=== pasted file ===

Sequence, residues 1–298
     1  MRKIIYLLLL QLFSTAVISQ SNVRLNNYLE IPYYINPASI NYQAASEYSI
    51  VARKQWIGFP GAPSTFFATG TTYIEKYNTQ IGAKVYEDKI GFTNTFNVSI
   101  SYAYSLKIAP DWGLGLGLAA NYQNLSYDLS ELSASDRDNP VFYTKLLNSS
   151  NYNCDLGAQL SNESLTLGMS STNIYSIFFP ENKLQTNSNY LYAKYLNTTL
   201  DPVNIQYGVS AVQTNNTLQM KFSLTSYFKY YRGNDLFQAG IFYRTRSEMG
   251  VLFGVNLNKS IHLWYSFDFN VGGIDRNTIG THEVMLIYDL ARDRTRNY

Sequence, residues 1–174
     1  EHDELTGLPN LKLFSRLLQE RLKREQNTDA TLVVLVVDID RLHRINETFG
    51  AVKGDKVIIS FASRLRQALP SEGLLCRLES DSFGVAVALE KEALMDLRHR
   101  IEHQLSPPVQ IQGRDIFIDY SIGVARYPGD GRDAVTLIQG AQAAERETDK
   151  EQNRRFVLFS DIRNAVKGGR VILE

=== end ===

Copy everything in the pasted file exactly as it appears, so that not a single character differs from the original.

Sequence, residues 1–298
     1  MRKIIYLLLL QLFSTAVISQ SNVRLNNYLE IPYYINPASI NYQAASEYSI
    51  VARKQWIGFP GAPSTFFATG TTYIEKYNTQ IGAKVYEDKI GFTNTFNVSI
   101  SYAYSLKIAP DWGLGLGLAA NYQNLSYDLS ELSASDRDNP VFYTKLLNSS
   151  NYNCDLGAQL SNESLTLGMS STNIYSIFFP ENKLQTNSNY LYAKYLNTTL
   201  DPVNIQYGVS AVQTNNTLQM KFSLTSYFKY YRGNDLFQAG IFYRTRSEMG
   251  VLFGVNLNKS IHLWYSFDFN VGGIDRNTIG THEVMLIYDL ARDRTRNY

Sequence, residues 1–174
     1  EHDELTGLPN LKLFSRLLQE RLKREQNTDA TLVVLVVDID RLHRINETFG
    51  AVKGDKVIIS FASRLRQALP SEGLLCRLES DSFGVAVALE KEALMDLRHR
   101  IEHQLSPPVQ IQGRDIFIDY SIGVARYPGD GRDAVTLIQG AQAAERETDK
   151  EQNRRFVLFS DIRNAVKGGR VILE